Now, it might be because I am kool-aide drinking real school fiend that I’m starting to appreciate process (and dare I say using my brain heh). For me, the problem is explaining it to other students. I had a conversation with a friend a few months back and she was saying that a specific equation she learned in physics could not help her in her social science major (she also challenged me to directly connect it). I argued it is not always about making those direct connections. The problem with process is that is often an invisible process that is going on in the brain, making it hard to measure. It is not about knowing F=MA, but being challenged in class to remember back and say, well this is how I can also get to F.
Pushing the brain to make connections.
The brain is that much richer for having being pushed in a different direction. By taking the time to learn these things as you go along as a process, your brain is getting better at making connections. Cramming for the test the night before does not train your brain for much good at all.
I see I have rambled a bit from where I started. Not that ever really have a specific point to make to begin with, but I hope what I have said makes some sort of logical sense.
Published February 16, 2008
By way of CogDog, I heard about Al Upton’s miniLegend project. He is currently asking edubloggers to be mentors for his year 3 students (8 and 9 year olds I believe). Being the geek I am I think this is the coolest thing so I went over to sign up to be a mentor.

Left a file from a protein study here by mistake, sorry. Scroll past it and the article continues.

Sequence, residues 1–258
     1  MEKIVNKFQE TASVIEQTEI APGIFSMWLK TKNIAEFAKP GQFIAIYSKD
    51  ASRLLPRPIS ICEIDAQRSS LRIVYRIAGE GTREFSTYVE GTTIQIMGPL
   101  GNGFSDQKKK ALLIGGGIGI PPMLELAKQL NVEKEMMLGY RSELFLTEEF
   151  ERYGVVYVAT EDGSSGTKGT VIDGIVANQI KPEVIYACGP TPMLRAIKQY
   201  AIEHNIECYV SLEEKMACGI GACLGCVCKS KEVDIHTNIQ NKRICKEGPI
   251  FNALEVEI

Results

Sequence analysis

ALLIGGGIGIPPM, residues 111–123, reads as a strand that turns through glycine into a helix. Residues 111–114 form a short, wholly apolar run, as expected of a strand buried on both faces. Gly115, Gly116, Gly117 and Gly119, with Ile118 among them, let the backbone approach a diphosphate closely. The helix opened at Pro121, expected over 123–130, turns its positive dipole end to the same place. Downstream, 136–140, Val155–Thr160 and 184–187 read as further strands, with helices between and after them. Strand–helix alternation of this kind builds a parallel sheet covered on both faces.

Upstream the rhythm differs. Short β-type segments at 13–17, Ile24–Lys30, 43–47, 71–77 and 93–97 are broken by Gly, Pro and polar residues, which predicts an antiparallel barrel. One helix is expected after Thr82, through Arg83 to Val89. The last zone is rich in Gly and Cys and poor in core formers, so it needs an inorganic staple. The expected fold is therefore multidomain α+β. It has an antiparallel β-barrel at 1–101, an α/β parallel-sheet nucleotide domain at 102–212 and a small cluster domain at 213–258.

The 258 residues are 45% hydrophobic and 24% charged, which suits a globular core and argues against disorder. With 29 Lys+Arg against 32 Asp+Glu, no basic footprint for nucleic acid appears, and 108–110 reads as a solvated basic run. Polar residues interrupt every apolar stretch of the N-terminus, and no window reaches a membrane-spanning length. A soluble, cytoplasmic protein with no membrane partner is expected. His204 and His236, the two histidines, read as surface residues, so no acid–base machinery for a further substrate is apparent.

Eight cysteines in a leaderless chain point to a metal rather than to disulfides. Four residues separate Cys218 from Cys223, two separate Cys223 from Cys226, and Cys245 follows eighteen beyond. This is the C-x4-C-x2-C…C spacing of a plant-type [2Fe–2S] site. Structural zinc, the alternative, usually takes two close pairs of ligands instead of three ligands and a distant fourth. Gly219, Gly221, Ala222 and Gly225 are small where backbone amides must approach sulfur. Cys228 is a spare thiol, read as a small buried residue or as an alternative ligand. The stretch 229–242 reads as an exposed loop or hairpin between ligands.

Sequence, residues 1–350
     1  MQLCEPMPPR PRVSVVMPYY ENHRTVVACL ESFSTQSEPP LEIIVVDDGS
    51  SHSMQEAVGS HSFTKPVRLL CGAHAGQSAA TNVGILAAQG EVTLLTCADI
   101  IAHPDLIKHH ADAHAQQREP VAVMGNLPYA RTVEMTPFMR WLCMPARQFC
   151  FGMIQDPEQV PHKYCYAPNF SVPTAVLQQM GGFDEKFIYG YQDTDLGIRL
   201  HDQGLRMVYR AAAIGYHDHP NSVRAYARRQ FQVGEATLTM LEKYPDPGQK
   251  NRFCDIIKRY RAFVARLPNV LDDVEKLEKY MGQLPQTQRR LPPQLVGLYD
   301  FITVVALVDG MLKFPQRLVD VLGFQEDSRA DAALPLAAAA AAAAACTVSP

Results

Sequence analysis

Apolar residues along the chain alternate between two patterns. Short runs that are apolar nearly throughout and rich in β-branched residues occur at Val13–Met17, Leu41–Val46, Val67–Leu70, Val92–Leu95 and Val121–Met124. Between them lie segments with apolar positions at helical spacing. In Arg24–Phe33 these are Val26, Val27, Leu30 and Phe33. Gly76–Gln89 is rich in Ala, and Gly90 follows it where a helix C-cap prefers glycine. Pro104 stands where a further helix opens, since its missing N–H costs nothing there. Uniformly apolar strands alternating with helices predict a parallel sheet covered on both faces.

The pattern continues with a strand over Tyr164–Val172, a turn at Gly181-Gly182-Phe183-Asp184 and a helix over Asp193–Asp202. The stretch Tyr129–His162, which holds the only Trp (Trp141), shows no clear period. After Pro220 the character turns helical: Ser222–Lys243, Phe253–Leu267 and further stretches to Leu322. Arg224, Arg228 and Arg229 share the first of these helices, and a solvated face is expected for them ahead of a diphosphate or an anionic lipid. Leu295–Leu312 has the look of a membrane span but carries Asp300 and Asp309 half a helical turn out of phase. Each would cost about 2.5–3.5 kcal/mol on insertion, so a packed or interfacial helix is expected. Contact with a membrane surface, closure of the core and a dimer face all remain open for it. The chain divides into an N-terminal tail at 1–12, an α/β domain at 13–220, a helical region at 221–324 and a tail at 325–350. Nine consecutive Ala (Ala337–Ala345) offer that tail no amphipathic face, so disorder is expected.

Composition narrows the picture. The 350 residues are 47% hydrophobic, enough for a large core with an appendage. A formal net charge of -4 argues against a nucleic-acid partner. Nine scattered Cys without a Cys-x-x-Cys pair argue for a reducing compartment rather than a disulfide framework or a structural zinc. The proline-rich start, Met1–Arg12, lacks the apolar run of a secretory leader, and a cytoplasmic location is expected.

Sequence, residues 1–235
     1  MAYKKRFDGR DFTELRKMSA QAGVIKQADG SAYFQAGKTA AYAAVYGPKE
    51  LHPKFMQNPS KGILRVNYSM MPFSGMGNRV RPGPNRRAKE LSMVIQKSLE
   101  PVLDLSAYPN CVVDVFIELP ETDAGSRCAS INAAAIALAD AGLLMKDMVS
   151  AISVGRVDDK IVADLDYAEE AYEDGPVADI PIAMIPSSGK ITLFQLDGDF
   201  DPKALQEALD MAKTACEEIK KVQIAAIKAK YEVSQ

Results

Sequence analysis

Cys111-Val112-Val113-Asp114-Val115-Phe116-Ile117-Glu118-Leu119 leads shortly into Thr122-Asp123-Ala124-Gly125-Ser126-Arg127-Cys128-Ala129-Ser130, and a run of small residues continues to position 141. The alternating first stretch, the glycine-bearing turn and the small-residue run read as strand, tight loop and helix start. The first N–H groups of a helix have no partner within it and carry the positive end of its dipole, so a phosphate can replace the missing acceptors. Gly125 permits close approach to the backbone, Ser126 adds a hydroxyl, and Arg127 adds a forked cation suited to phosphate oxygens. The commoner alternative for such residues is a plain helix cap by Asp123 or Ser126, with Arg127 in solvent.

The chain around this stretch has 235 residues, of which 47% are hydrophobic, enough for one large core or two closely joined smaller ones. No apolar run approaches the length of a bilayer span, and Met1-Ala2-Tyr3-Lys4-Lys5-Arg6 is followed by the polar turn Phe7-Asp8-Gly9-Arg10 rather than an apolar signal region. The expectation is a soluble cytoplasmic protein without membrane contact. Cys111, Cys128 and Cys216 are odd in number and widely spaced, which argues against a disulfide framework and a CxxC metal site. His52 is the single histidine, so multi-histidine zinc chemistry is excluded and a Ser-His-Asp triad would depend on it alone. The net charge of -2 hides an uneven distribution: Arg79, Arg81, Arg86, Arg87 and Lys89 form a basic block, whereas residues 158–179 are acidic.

As it currently stands I will be mentoring a girl named Emili. I’m really looking forward to commenting on her blog and just seeing what she learns over the year. Something about these connections, ya know?
Published February 15, 2008
I’ve got to know, where does time go?
Why does it seem to speed by so quickly? Yet I distinctly recall moments where time stopped.
Always questions, will I have enough time? when is the right time? when will there be more time?
It makes me think about the larger picture, am I doing enough with my time? Am I spending my time wisely and what does that mean? There are so many equations for time, what one do I use?
For now I think it is time to sleep. I guess I’ll have to return to the problems of time, once I find the time to think about it again.
Published February 14, 2008
100 words , Writing
Today’s 100-word topic: Fire
The bonfire hypnotized us into silence those late nights in Liz’s backyard. We were savoring the last summer before we all went off to college and started our new lives apart. There was the usually chat of random nonsense that we had all grown accustomed to, and when we had stared long enough into the fire and our souls we imagined the future. Those late nights never accomplished anything.
We were on the cusp of a new beginning. Waiting for the time where we would rise up, like a phoenix, from the embers of those nights into an unknown future.
Published February 13, 2008
History , Writing
I’ve you haven’t heard of “This Date, From Henry David Thoreau’s Journal” blog, it is an interesting read. As stated everyday there is a blog post from a journal entry. In some ways it brings Thoreau back to life, more accessible.
Here is today’s journal entry from 1859, enjoy:
Sometimes in our prosaic moods, life appears to us but a certain number more of days like those which we have lived, to be cheered not by more friends and friendship but probably fewer and less. As, perchance, we anticipate the end of this day before it is done, close the shutters, and with a cheerless resignation commence the barren evening whose fruitless end we clearly see, we despondingly think that all of life that is left is only this experience repeated a certain number of times. And so it would be, if it were not for the faculty of imagination.